FIG. 17 illustrates the underside of the antenna device.

FIG. 18 is a cutaway side view of the antenna device.

FIG. 19 is a perspective view illustrating the upper side of an antenna device according to a fourth preferred embodiment of the present invention.

FIG. 20 is a plan view illustrating the underside of the antenna device.

FIG. 21 is a perspective view illustrating a dielectric base.

FIG. 22 is a perspective view illustrating the upper side of an antenna device according to a fifth preferred embodiment of the present invention.

FIG. 23 is a perspective view of a second chip antenna.

FIG. 24 is a perspective view illustrating the underside of the antenna device.

FIG. 25 is an exploded perspective view of an antenna device according to a sixth preferred embodiment of the present invention.

FIG. 26 is a diagram illustrating a state of quadruple resonance.

DETAILED DESCRIPTION OF PREFERRED EMBODIMENTS

Preferred embodiments and best modes for carrying out the present invention will now be described with reference to the drawings.

First Preferred Embodiment

FIG. 1 is a perspective view illustrating the upper side of an antenna device according to a first preferred embodiment of the present invention. FIG. 2 is a plan view of a first chip antenna developed along sides thereof. FIG. 3 is an equivalent circuit diagram of a frequency variable circuit.

An antenna device 1 of the present preferred embodiment is mounted on a wireless communication apparatus, such as a mobile phone.

As illustrated in FIG. 1, the antenna device 1 includes a chip antenna 2 serving as a first chip antenna, an antenna element 3, and a chip antenna 4 serving as a second chip antenna.

The chip antenna 2 is a surface-mount chip antenna produced by forming a radiation electrode 21 serving as a first radiation electrode, and a frequency variable circuit 22 on the surface of a dielectric base 20.

A ground region 101 and a non-ground region 102 are disposed on both surfaces of a substrate 100, while the dielectric base 20 of the chip antenna 2 is mounted on an upper side 102 a of the non-ground region 102. Specifically, as illustrated in FIG. 2, the dielectric base 20 preferably has a substantially rectangular parallel piped shape and has a front surface 20 a, an upper surface 20 b, both side surfaces 20 c and 20 d, a back surface 20 e, and a lower surface 20 f.

The radiation electrode 21 is a strip of constant width and includes a front electrode section 21 a, an upper electrode section 21 b, and an end electrode section 21 c. Specifically, the front electrode section 21 a is formed on the left edge of the front surface 20 a of the dielectric base 20 and, as illustrated in FIG. 1, one end of the front electrode section 21 a is connected to a power feeder 110 (power feeding means) through a conductive pattern 111. Then, as illustrated in FIG. 2, the other end of the front electrode section 21 a is connected to the upper electrode section 21 b, which is connected to the end electrode section 21 c formed on the front surface 20 a.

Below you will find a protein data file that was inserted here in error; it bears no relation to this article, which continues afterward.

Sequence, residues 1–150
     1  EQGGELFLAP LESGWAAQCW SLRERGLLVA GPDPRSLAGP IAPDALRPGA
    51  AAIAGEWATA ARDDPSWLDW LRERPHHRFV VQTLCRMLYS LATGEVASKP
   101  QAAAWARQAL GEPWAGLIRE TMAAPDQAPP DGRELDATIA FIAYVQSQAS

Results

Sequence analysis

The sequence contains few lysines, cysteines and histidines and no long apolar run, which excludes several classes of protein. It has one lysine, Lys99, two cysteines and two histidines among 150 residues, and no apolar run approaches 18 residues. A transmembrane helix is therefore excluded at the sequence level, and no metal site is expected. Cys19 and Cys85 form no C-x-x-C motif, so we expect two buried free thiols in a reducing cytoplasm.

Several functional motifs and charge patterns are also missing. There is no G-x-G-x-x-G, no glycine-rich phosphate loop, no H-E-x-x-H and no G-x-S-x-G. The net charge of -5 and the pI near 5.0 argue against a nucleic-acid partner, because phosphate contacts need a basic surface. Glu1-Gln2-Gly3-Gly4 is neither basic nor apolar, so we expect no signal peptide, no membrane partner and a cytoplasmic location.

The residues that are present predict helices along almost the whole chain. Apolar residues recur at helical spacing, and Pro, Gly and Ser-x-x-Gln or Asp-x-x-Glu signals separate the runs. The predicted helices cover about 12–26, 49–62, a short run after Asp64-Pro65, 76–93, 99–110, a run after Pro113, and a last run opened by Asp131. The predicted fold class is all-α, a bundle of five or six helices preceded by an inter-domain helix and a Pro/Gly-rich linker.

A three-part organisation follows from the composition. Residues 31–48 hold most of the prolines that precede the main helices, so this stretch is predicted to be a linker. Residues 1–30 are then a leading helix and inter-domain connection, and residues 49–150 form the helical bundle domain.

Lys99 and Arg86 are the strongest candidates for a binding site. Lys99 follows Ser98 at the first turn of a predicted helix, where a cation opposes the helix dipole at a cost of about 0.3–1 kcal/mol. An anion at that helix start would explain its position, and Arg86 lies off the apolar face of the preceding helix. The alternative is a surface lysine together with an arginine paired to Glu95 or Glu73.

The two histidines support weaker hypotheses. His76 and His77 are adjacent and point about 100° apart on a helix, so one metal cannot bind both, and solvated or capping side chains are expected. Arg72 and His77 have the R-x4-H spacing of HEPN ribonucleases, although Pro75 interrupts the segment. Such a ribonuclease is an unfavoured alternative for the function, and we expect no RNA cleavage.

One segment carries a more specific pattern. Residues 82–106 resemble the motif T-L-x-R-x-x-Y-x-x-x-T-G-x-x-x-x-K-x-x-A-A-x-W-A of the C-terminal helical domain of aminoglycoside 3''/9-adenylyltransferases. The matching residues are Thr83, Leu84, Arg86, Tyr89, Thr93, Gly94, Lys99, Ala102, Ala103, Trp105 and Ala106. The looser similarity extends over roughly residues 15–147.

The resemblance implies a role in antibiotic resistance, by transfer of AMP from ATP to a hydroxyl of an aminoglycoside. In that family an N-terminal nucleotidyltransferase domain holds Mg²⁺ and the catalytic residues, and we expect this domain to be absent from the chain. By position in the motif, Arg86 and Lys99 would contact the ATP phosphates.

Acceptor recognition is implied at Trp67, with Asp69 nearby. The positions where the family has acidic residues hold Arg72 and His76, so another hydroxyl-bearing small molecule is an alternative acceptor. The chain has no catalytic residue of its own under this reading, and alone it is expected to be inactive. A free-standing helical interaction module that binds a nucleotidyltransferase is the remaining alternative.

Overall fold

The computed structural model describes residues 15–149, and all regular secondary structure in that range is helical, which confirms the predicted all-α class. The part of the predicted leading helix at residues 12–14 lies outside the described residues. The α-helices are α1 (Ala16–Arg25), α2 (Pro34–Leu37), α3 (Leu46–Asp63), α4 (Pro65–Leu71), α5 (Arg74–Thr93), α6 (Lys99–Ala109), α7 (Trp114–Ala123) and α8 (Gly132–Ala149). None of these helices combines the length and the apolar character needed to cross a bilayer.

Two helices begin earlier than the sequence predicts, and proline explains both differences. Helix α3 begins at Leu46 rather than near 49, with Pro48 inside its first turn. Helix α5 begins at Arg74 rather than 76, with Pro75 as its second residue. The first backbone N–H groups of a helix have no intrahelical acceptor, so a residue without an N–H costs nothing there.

In other words, as illustrated in FIG. 1 and FIG. 2, the radiation electrode 21 of the chip antenna 2 has a structure in which the front electrode section 21 a is connected to the power feeder 110 through the conductive pattern 111, the upper electrode section 21 b and the end electrode section 21 c are connected to the front electrode section 21 a, and the frequency variable circuit 22 is mounted on the upper electrode section 21 b.

As illustrated in FIG. 2 and FIG. 3, the frequency variable circuit 22 is a series circuit of a coil 22 a, a variable-capacitance diode 22 b, a capacitor 22 c, and a coil 22 d. The frequency variable circuit 22 is configured such that a pattern 22 f including a coil 22 e is connected to a connection point P between the variable-capacitance diode 22 b and the capacitor 22 c. Thus, by applying a control voltage Vc to the connection point P through the pattern 22 f and controlling the capacitance of the variable-capacitance diode 22 b, the electrical length of the radiation electrode 21 can be varied.

The antenna element 3 includes, as illustrated in FIG. 1, a strip-shaped additional radiation electrode 30 and an auxiliary element 31 connected to the additional radiation electrode 30.

FIG. 4 is a cutaway side view of the antenna device. FIG. 5 is a perspective view for illustrating an overall configuration of the auxiliary element of the antenna element 3.

As illustrated in FIG. 2, the additional radiation electrode 30 includes an upper electrode 30 b that branches from the front electrode section 21 a of the radiation electrode 21 on the upper surface 20 b of the dielectric base 20, and a side electrode 30 c and a connecting electrode 30 f formed on the side surface 20 c and the lower surface 20 f, respectively, so as to extend from the upper electrode 30 b.

As illustrated in FIG. 4, the auxiliary element 31 is disposed on an underside 102 b of the non-ground region 102, and connected to the additional radiation electrode 30 through a through hole 102 c provided in the non-ground region 102.

Specifically, as illustrated in FIG. 4 and FIG. 5, the auxiliary element 31 is a three-dimensional electrode including a metal support 31 a serving as a supporting portion and a metal sheet 31 b serving as a parallel portion. The through hole 102 c is provided in the non-ground region 102 and located at a point corresponding to the connecting electrode 30 f of the additional radiation electrode 30. The metal support 31 a in the shape of a rod is vertically disposed on the underside 102 b of the non-ground region 102 while being in the through hole 102 c. The metal sheet 31 b is connected to an end of the metal support 31 a and held to be substantially parallel to the substrate 100. The metal sheet 31 b preferably is a flat, substantially rectangular metal plate that is smaller in size than the non-ground region 102 and is designed not to extend beyond the non-ground region 102. The metal sheet 31 b is not in contact with the ground region 101 at any point, and all the edges of the metal sheet 31 b are open ends.